Rape is an act of violence and humiliation that is expressed through sexual means. It is an act that is used to express power or anger. Usually, in cases of rape, ‘sex’ is not the appealing factor; it is largely used as service of nonsexual needs such as displacement of anger or rage and feeling in control. Numerous explanations have been offered to explain rape in humans – learning or enculturation, mental illness, personality differences, drug and alcohol use. However, these factors alone cannot explain the existence of such seemingly complex behavior. The above mentioned factors may increase the likelihood of rape, but cannot explain the complex organized behavior seen in rape.
Rape is the product of a specialized psychological adaptation and is a byproduct of other adaptations in the mind of the offender. These adaptations are a result of attitude formation that the offender has been conditioned to since a young age. Attitude formation largely results from learning. Classical conditioning and social learning at a young age may predispose an individual to carry forward regressive beliefs that are already present in the environment. This causes an attitude shift within the society at large. The concept of women as property or chattel, without sexual rights has a tribal, feudal history that extends from prehistoric times to the present, being passed down the generations. It is no wonder then why rape is stimulated through the cultural representation of women as objects or property over whom ownership is validated, if not willfully then by force and coercion. The sense of entitlement in rapists makes them view women as economic burdens who are not to be treated as equals in male dominated societies. This prejudice is based on simplistic overgeneralization which in turn gives way to stereotypes, where women who work late hours are labelled as immoral.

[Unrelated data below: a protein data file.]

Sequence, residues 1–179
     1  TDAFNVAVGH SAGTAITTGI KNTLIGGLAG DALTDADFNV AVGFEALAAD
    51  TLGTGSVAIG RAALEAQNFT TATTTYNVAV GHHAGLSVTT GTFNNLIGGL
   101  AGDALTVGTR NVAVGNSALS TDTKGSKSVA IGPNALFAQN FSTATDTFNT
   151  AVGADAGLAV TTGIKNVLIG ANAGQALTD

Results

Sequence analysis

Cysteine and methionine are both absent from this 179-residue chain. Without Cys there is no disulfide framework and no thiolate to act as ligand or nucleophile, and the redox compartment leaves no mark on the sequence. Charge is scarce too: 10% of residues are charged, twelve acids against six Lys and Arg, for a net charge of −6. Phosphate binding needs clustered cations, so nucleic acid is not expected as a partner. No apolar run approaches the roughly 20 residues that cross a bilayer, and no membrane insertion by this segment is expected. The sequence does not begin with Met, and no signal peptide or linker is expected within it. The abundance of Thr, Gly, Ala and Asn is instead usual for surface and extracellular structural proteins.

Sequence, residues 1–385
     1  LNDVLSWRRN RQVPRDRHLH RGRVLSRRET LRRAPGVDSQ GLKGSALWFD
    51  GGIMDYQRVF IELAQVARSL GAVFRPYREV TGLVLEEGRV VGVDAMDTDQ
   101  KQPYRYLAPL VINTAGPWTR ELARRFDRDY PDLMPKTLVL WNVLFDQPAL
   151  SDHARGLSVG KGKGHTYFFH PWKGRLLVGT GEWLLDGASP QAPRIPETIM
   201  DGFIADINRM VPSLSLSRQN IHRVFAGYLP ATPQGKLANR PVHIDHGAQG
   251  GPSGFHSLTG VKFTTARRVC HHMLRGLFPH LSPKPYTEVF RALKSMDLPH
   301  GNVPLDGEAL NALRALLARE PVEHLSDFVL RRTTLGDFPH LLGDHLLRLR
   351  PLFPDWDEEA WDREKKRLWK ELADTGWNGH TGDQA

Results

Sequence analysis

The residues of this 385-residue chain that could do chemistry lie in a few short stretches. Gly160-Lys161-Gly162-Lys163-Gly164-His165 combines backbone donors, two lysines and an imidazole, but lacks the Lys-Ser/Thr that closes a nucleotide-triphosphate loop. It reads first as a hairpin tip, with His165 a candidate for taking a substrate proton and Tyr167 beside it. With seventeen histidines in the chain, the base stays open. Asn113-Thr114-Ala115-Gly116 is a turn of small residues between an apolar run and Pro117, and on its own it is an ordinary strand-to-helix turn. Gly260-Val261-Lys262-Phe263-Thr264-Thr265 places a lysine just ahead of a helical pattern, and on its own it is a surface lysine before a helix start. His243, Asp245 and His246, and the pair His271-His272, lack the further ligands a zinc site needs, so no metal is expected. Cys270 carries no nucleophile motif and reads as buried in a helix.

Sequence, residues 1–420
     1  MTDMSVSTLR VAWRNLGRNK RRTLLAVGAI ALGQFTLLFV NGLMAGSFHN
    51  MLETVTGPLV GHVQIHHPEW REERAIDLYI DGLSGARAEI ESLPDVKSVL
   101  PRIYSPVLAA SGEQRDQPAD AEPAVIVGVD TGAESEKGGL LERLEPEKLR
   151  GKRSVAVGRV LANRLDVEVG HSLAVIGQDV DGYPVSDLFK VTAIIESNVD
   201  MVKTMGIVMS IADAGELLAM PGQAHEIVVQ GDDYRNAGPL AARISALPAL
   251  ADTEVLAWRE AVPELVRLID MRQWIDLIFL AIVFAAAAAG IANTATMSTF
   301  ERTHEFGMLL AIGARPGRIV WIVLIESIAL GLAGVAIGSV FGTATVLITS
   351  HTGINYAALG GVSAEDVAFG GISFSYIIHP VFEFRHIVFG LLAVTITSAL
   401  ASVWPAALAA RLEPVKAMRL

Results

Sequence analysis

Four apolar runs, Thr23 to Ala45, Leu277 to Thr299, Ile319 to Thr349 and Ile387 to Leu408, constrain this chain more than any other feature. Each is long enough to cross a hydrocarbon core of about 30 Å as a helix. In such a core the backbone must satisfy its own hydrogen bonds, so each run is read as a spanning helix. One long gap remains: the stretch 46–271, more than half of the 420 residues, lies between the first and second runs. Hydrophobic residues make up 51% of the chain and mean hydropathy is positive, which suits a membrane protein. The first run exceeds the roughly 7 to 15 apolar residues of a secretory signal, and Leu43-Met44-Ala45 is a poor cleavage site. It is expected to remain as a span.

Rapists usually are men who misread cues given out by women in social situations and may lack the inhibitions that act to suppress associations between sex and aggression. They may also harbor coercive sexual fantasies and are different from other men in terms of impulsivity and antisocial tendencies. A realistic sense of inadequacy through the mechanism of reaction formation is depicted as an exaggerated sense of masculinity. Rapists are incapable of nurturing relationships and their need for sexual violence is also associated with a preference for impersonal sexual relationships as opposed to emotional bonding with many sexual partners and with the inclination to assert personal interests at the expense of the victim. There is evidence to suggest that sexual violence is also a learnt behavior in some adults, particularly as regards child sexual abuse. Alcohol and other drug consumption, having a need to control or dominate women, having anti-social tendencies, having been raised in a strong patriarchal family and having less empathy towards others are some of the factors that predispose a man to turn into a rapist .